The Final 'Final Whistle' Column - The Goldsmiths Leopard. Published May 2012
The organisers' comprehensive anti-hooliganism drive was an unmitigated success.
There were few fans available after the game for comment.
So, the ref is looking at his watch, preparing to blow full time on ‘final whistle’... And what a great place to leave the world of sport, delicately teetering, like the bus at the end of The Italian Job. Except that unlike Michael Caine, I don’t have a plan...
At the time of going to press, we have just about got our collective Leopard breaths back from the whirlwind that was the final five minutes of the Premier League season. This is just the beginning. In fact, instead of balancing precariously on a cliff, the British sporting nation, along with many Leopard writers, finds itself unceremoniously dumped at a crossroads. Waiting along one road is the final of the Champions League, where a battered, shoestring Chelsea side will turn out against an in-form, organised Bayern Munich team. Where will that one take us? Spurs fans will be hoping it’s a dead end, as a Chelsea win in Munich on Saturday would put them into European no-man’s land and on another trudge through the Europa league with the resultant loss of the fourth Champions League spot for next season. Di Matteo deserves a medal, but sadly, he’s not even assured a job. Especially given that Abramovich may look to oust him for the very man the Italian outsmarted in the semi-finals. Go figure.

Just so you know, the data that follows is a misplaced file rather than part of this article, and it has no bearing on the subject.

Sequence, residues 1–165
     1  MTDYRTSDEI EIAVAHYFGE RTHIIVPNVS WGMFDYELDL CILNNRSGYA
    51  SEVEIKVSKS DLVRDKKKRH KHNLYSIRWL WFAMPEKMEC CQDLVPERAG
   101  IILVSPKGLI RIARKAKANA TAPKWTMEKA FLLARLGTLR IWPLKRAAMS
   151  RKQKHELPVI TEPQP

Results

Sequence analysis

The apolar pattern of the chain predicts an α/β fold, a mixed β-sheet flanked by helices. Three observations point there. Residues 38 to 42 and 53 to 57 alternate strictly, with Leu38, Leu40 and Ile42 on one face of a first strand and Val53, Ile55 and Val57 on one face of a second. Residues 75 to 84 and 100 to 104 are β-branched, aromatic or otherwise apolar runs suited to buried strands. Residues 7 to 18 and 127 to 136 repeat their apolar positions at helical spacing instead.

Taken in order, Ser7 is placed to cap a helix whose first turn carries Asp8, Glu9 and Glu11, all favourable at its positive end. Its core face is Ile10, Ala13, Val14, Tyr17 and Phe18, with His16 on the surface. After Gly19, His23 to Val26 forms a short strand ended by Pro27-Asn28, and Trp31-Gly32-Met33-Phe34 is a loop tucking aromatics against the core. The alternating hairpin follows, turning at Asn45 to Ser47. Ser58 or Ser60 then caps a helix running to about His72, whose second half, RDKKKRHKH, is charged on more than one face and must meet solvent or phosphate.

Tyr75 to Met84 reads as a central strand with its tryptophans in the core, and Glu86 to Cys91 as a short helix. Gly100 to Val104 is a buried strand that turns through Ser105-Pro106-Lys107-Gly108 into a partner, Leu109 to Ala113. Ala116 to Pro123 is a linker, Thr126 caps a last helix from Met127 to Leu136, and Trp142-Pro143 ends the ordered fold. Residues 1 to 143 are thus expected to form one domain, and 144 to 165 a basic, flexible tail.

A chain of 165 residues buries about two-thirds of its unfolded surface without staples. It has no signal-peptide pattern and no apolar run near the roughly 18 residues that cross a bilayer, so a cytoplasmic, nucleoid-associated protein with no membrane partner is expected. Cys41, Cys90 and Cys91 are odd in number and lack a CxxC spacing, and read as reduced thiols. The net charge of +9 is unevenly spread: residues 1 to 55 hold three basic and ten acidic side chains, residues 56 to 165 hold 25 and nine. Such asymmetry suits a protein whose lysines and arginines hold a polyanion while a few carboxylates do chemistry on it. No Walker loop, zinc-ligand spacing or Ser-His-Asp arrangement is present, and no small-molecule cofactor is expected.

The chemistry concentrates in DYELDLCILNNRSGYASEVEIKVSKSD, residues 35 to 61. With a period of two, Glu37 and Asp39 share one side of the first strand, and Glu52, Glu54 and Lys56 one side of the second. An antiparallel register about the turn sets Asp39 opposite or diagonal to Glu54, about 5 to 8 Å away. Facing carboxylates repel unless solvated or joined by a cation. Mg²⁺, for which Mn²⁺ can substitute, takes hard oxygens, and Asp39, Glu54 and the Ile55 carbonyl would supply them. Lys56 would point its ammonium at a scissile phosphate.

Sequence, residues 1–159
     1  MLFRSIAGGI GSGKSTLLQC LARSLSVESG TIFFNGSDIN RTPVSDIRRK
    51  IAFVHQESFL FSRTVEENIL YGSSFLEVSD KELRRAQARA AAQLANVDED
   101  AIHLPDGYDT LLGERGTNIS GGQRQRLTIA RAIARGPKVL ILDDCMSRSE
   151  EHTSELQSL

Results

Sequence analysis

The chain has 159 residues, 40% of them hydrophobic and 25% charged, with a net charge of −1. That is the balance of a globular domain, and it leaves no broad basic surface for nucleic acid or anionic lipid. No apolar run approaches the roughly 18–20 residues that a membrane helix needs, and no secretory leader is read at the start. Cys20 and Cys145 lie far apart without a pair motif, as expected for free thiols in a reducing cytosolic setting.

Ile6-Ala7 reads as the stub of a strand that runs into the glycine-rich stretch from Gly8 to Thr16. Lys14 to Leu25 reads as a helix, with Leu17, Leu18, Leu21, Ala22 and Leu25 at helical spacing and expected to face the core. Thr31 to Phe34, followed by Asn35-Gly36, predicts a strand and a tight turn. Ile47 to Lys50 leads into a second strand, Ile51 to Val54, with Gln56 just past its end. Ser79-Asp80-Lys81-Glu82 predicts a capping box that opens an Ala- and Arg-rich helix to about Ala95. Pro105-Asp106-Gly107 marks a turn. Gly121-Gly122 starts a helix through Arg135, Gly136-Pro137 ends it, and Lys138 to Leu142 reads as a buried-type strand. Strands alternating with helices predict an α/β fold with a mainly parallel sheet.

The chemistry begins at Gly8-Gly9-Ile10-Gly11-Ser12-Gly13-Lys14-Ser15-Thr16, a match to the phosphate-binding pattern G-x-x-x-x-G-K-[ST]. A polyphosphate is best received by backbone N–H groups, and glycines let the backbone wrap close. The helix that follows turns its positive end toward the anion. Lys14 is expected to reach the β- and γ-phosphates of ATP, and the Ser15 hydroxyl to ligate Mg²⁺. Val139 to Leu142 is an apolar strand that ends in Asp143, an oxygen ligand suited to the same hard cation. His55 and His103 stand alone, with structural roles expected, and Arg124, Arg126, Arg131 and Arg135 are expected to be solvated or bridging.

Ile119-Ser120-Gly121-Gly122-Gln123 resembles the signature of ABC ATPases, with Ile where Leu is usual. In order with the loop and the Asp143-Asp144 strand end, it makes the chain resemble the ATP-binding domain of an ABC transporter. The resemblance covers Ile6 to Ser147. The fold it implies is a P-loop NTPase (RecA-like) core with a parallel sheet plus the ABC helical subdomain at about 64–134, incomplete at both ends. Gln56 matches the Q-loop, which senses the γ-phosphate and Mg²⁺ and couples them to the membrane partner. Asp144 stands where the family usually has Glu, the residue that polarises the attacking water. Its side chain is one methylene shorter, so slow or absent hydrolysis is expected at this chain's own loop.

Another road leads us kicking and screaming into Euro 2012, with a brand new (old) manager, who instilled little optimism with his appointment of Gary Neville as coach. Yes, the uglier of the two ugly brothers may be England through and through, but so is a fry-up, and that gives you heart disease. What Hodgson was thinking, I suppose we’ll never know but one thing’s for sure, the England team bus will be a distinctly Scouse free zone if Manc nationalist G-Nev gets his way. The job’s a big risk for an unproven coach, especially as Neville looked a nailed on choice for the second pundit spot on Sky’s Super Sunday next season. At least now there’ll only be 11 people having to put up with his drone.
A third avenue takes us majestically on to London 2012, providing the road isn’t blocked. It’s a miracle that everything is ready for the Games if we’re absolutely honest with ourselves. I was half expecting to have to base this entire column on the general ineptitude of the Olympic Delivery Authority, but it looks like they may have pulled it off. That’s not to say they won’t forget something important though. It’s always the way: after all, you only ever remember your toothbrush when you’re halfway down the motorway. The difference here of course, is that in the ODA’s case the toothbrush may just turn out to be failing to order the lightbulbs in time for the opening ceremony. Depending on the outcome of these games, Seb’s either going to be given a plinth on Tralfagar square or tried in the media equivalent of the Hague. But, it’s the taking part that counts, right? Only if Britain finishes outside the top 5 in the medal table...
A fourth track leads us smoothly and gentlemanly to the summer’s cricket tests. God only knows how the erratic England side will perform, having gone from world’s best to shaky outsiders in the space of 6 months. You’d expect them to beat the Windies, but I’d expect a squad of spaniels in whites to beat the Windies, given that most of their top order is chasing the rupees over in the Indian Premier League.